Across a number of countries including Venezuela, Colombia, Bolivia, Ecuador, Honduras, Costa Rica, and Nicaragua, incumbent presidents in Latin America have recently sought to amend their constitutions to eliminate or weaken presidential term limits. In some cases, these efforts to extend terms have been part of broader projects to consolidate power, weaken other state institutions, and tilt the electoral playing field in favor of incumbents. From a legal perspective, these cases are interesting because they highlight the limits of tools limiting constitutional change, such as eternity clauses and the unconstitutional constitutional amendment doctrine, to constrain potentially anti-democratic or anti-liberal forms of constitutional change. Although constitutional texts in most of these cases gave courts ample ammunition to reject attempts to eliminate term limits or at least to force those changes down more demanding paths, courts did not stand in the way of most of these efforts and in some cases even used the doctrines to eliminate rather than protect term limits. The case studies highlight the extent to which the “superficial” spread of doctrines controlling constitutional change may fail to block, and indeed may promote, forms of constitutional change that threaten liberal democratic constitutionalism. It also suggests possibilities for deepening the effectiveness of transnational dialogue on these issues.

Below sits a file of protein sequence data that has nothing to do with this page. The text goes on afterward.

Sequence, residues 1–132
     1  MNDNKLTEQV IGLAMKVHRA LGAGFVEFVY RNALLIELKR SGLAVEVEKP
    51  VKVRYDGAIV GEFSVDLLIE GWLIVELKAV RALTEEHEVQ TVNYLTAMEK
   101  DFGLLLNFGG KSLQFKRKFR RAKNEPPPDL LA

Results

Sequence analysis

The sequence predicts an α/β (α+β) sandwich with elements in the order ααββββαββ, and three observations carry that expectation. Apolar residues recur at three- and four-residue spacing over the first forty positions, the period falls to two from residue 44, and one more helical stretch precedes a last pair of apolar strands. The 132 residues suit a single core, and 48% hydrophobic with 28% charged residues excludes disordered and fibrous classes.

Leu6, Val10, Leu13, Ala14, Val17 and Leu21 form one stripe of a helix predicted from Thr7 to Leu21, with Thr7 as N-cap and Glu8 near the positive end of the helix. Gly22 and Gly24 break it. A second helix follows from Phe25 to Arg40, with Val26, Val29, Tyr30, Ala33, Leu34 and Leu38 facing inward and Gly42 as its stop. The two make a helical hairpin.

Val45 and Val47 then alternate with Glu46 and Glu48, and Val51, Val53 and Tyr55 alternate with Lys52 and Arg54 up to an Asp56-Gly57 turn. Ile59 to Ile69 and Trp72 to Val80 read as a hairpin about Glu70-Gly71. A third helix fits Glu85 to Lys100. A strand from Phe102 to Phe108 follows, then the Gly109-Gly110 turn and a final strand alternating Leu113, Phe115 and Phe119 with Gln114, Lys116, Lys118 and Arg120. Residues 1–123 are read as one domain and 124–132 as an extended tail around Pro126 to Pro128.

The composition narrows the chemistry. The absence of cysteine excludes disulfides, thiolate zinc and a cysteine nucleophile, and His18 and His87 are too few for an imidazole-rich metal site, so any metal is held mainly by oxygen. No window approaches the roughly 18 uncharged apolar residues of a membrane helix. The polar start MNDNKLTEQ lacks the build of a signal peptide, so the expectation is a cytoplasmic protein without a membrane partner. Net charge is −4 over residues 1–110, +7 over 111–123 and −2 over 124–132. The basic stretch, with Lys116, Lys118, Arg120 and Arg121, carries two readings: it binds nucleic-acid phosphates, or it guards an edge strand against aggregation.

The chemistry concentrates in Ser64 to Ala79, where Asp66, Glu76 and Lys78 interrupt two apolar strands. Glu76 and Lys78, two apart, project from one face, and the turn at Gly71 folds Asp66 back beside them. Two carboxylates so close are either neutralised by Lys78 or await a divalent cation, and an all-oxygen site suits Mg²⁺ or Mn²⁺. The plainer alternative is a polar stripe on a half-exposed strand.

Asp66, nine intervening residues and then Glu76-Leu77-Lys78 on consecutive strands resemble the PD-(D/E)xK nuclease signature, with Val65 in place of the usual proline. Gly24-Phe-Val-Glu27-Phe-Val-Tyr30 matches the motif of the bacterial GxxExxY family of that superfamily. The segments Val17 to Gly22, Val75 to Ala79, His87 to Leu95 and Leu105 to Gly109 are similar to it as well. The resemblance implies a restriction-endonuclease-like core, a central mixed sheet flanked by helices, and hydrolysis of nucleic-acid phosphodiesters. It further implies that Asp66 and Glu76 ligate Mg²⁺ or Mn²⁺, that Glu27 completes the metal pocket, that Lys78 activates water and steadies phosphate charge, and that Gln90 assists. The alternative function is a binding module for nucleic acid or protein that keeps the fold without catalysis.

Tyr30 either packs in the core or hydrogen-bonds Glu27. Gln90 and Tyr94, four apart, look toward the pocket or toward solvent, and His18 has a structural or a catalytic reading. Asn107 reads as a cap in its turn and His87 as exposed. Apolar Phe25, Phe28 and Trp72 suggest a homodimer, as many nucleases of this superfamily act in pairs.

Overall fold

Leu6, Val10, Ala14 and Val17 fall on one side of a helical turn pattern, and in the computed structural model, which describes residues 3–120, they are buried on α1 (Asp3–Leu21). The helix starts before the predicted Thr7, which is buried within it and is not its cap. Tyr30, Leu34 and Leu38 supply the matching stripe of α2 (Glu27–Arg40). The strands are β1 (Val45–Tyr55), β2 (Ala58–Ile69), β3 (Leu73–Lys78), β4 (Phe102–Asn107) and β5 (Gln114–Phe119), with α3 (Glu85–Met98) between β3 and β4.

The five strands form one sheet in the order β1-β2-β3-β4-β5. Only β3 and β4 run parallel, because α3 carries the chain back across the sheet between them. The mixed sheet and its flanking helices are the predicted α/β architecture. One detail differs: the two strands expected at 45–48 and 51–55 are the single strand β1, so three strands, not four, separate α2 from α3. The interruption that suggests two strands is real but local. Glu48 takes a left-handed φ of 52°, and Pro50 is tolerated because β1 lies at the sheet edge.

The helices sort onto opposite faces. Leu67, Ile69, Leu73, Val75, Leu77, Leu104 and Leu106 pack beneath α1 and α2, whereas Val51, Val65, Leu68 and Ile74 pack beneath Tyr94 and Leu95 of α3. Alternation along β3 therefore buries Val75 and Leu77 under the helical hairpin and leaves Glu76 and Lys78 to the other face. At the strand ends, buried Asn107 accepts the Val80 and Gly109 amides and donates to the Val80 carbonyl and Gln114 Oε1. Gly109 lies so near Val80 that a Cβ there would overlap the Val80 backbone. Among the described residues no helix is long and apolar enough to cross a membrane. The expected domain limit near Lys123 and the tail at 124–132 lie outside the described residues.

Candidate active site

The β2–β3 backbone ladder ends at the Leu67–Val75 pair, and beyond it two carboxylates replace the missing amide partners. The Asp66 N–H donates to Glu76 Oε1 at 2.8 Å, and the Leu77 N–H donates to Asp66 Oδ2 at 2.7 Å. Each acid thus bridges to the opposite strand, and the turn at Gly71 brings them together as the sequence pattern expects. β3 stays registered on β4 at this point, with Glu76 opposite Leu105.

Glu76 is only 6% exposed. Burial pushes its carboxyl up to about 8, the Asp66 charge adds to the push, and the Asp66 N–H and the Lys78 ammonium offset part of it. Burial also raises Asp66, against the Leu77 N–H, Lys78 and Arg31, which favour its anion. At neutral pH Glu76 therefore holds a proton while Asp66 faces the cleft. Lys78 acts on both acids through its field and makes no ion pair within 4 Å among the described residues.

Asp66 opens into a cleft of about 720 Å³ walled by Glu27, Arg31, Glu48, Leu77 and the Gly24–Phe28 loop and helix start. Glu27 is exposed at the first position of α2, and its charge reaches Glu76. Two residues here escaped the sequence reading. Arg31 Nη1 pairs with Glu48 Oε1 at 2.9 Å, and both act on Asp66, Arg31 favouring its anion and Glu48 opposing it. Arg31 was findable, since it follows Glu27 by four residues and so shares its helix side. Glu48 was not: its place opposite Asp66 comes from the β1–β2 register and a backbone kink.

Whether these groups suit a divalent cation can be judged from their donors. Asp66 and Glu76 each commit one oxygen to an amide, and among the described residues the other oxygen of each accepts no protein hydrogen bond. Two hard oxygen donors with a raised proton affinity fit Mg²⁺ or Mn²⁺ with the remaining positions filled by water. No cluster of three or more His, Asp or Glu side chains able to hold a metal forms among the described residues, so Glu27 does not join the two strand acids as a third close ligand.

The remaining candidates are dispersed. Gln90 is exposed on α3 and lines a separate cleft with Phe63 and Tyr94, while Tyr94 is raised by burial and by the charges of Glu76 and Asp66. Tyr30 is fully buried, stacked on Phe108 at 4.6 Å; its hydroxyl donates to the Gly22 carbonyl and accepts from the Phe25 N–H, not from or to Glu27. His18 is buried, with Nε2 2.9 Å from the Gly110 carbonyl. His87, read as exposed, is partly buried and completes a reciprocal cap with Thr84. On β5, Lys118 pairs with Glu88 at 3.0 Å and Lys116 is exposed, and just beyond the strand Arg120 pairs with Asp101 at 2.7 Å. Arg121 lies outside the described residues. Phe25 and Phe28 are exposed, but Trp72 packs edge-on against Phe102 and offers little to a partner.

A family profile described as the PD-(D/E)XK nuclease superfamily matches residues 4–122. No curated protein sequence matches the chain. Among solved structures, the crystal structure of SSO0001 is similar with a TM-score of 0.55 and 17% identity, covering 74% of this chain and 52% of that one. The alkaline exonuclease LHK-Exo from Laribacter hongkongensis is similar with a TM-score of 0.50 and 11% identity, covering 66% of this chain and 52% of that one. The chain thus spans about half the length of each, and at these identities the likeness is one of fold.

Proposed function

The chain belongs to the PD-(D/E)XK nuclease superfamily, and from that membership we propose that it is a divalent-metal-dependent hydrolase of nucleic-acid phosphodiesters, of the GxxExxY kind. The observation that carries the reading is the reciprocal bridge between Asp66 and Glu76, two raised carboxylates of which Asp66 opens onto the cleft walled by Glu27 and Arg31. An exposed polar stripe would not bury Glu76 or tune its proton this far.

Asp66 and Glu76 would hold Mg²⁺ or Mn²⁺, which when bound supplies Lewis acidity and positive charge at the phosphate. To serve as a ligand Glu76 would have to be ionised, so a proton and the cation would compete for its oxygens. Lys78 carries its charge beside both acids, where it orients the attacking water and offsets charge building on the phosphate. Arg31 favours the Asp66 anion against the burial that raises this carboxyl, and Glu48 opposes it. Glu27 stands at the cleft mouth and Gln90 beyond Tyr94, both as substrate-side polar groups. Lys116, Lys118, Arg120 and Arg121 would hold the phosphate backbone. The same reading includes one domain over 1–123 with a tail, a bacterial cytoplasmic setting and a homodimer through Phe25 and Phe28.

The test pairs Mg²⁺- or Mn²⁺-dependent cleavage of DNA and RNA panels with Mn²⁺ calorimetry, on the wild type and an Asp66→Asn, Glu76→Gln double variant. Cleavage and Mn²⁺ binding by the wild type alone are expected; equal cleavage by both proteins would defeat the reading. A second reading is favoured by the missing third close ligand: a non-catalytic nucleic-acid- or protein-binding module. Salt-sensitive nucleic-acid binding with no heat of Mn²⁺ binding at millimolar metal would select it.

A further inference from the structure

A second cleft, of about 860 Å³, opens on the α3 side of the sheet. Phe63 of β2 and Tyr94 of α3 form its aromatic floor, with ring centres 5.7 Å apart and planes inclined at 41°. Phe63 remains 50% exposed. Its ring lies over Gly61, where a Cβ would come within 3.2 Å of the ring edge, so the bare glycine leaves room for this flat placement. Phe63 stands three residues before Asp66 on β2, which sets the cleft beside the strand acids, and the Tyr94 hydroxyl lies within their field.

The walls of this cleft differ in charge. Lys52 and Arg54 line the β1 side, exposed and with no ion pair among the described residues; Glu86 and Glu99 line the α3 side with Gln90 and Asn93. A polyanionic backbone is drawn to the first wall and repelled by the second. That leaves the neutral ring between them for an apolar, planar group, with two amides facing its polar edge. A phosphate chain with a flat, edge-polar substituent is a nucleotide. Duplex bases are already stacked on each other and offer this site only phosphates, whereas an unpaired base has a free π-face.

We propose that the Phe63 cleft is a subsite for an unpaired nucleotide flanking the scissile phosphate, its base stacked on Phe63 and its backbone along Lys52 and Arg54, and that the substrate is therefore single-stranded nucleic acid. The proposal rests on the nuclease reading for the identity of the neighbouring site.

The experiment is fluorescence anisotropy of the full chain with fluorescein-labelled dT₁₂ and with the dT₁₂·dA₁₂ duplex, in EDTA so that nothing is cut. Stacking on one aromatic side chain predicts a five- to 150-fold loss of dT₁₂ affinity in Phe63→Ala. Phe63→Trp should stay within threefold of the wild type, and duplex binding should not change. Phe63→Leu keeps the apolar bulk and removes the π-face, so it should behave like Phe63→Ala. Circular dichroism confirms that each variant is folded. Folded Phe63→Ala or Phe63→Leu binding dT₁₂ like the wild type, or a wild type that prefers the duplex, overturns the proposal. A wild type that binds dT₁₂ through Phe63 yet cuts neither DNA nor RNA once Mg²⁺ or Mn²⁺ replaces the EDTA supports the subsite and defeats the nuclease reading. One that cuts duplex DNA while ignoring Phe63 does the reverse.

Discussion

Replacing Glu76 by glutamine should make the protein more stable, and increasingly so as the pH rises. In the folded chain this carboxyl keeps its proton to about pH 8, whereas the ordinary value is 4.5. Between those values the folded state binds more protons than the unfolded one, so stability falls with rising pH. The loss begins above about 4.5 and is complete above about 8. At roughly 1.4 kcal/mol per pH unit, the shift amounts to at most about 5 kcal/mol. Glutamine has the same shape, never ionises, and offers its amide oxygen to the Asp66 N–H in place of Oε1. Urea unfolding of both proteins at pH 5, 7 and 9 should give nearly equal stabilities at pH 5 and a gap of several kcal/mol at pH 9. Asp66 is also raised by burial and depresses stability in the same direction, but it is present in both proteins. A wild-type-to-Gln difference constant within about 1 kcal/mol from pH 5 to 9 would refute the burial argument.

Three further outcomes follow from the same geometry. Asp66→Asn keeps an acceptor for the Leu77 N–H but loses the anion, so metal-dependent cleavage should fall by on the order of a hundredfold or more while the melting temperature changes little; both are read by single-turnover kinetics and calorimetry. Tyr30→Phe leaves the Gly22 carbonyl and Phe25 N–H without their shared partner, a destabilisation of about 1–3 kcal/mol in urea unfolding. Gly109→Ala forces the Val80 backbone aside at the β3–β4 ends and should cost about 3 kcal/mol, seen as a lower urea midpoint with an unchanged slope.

This piece was written for a symposium on “Global Constitutionalism,” convened at the Clough Center for Democracy at Boston College Law School in December 2016.
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